iPhone 6 Release Date, Specs: What’s Real and What Isn’t

By Craig Galbraith Comments
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**Editor's Note: Click here for our ranking of April's hottest selling smartphones to see how Apple's iPhone fared against the competition.**

What we know officially about the upcoming iPhone 6, to be honest, is very little. That’s because Apple’s door of secrecy is made of six-inch steel. But there’s always plenty of speculation surrounding the annual release, and this year is no different.

Let’s break down the rumors floating around what is the most talked-about announcement in tech every year. Which is most likely and which is least likely on a scale of one to 10 (one being least likely and 10 being the most)?

What to expect from a new iPhone is always tough to call.The iPhone 6 will launch in September or October (9): Consumers and businesspeople who look forward to that story every year about an “earlier-than-expected release date" got one a few days ago, but don’t bet on it. There’s no reason to think that the Silicon Valley giant will break recent tradition and put the next iPhone on sale any earlier than fall.

Apple will introduce the iPhone 6 at its Worldwide Developers Conference in June (2). This seems nearly out of the question since the company has already announced that it will once again focus on software at the annual event. But we’ll leave the door slightly open for a surprise.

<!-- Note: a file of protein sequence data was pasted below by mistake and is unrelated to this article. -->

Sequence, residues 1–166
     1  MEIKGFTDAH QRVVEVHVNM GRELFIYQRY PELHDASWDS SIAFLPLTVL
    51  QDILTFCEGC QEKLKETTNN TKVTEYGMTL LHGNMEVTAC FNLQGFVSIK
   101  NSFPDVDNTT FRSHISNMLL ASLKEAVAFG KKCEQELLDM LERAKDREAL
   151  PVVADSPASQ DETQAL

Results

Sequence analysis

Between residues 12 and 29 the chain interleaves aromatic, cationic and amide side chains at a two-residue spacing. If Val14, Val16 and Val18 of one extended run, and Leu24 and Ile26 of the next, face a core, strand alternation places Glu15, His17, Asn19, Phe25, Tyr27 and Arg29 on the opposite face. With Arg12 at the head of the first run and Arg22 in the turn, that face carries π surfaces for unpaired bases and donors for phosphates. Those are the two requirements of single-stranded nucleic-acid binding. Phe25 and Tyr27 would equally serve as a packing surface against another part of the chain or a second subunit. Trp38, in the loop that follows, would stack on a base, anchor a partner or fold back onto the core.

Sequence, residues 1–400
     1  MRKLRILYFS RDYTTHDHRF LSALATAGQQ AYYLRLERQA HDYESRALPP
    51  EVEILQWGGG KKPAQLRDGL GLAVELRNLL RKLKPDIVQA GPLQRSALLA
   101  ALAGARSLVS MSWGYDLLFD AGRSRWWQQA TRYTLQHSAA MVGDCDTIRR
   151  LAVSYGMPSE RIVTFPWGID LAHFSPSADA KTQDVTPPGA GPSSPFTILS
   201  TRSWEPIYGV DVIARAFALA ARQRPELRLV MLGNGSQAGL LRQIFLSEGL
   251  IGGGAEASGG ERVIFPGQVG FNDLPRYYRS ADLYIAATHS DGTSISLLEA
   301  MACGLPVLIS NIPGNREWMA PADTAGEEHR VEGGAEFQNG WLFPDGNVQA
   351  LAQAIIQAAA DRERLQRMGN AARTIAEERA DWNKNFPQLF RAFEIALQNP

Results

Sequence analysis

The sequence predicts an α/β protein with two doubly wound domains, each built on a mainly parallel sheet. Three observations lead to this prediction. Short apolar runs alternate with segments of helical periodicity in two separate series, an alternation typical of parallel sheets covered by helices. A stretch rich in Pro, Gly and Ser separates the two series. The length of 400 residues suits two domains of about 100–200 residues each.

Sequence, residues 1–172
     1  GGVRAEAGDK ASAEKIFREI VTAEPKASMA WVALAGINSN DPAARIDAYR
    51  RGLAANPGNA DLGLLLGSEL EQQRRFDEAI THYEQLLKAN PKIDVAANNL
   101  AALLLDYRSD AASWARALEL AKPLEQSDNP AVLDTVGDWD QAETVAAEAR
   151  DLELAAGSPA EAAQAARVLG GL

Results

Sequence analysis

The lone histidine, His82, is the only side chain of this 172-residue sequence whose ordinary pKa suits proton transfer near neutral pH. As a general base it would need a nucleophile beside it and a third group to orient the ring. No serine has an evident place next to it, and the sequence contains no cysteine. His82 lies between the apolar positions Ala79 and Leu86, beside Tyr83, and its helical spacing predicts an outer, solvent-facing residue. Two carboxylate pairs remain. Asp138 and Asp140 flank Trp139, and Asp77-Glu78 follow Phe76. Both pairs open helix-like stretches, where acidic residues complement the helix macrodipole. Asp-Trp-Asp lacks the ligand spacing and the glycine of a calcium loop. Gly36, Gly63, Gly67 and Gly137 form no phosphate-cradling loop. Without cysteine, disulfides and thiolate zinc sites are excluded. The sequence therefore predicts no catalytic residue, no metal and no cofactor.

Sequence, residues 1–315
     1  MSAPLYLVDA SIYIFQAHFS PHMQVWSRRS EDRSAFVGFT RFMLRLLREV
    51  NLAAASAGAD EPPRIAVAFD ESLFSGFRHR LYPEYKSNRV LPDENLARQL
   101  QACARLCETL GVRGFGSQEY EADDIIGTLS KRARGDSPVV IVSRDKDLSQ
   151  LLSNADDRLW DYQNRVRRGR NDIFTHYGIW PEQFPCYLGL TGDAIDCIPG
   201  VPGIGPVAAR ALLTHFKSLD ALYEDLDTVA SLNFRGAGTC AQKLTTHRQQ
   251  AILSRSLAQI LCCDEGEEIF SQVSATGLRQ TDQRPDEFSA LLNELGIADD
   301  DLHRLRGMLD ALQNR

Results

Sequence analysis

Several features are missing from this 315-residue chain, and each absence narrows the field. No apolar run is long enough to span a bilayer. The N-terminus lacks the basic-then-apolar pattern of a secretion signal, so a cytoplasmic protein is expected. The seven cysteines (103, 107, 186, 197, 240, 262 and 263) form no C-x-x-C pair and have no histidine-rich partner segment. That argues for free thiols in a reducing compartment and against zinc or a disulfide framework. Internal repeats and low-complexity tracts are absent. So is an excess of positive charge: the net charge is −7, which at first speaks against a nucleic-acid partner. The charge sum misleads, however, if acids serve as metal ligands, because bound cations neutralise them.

The iPhone 6 will feature a larger screen than its predecessor (8). All of the talk is pointing toward a bigger screen. Considering the competition from Samsung and other Android manufacturers who are introducing almost nothing but five-inch-and-larger handsets, it’s hard to imagine that Apple would not offer a screen bigger than the four inches on the iPhone 5s. The company last increased its display size in 2012, which was also the first time it did so.

Apple will actually unveil two versions of the iPhone 6 this fall, a 4.7-inch handset and one that is roughly 5.5 inches (6). This seems to be the prevailing opinion, but we’re hesitant to endorse it fully. This move would certainly give the company’s customers options that they appear to be clamoring for, but it also seems like a mighty big step for Apple, which has proven to be fairly conservative in the past and hasn’t felt the need to conform. Releasing two new phones wouldn’t be a first for Apple; the iPhone maker did so last year when it rolled out the 5s and the 5c – the latter of which was not a huge success – another reason for our hesitation about a second device.

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